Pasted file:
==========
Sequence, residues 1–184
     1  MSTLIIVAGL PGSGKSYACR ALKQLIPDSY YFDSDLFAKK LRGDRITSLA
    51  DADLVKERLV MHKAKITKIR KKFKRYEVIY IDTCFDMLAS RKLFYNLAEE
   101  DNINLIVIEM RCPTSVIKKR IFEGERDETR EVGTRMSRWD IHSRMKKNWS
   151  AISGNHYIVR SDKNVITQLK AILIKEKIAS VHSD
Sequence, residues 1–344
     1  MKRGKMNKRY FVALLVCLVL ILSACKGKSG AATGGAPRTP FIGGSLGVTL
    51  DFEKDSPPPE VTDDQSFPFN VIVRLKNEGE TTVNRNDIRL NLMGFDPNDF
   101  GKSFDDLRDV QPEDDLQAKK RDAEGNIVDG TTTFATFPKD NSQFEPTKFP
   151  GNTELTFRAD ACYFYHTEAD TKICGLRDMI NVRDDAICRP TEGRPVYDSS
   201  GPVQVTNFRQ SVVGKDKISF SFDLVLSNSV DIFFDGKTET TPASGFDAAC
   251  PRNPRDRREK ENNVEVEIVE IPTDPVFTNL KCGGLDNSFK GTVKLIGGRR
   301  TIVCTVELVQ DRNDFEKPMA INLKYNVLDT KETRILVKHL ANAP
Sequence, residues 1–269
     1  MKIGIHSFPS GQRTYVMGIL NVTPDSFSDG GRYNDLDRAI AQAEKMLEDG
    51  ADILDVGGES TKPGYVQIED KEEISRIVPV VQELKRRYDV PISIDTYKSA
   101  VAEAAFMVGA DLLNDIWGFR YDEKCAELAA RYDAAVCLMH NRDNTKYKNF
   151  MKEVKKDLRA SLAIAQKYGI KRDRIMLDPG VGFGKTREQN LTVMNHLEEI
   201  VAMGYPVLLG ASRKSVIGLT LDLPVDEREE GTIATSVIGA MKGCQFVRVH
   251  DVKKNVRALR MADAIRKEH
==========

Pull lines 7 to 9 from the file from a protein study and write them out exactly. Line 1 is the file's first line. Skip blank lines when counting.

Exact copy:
     1  MKRGKMNKRY FVALLVCLVL ILSACKGKSG AATGGAPRTP FIGGSLGVTL
    51  DFEKDSPPPE VTDDQSFPFN VIVRLKNEGE TTVNRNDIRL NLMGFDPNDF
   101  GKSFDDLRDV QPEDDLQAKK RDAEGNIVDG TTTFATFPKD NSQFEPTKFP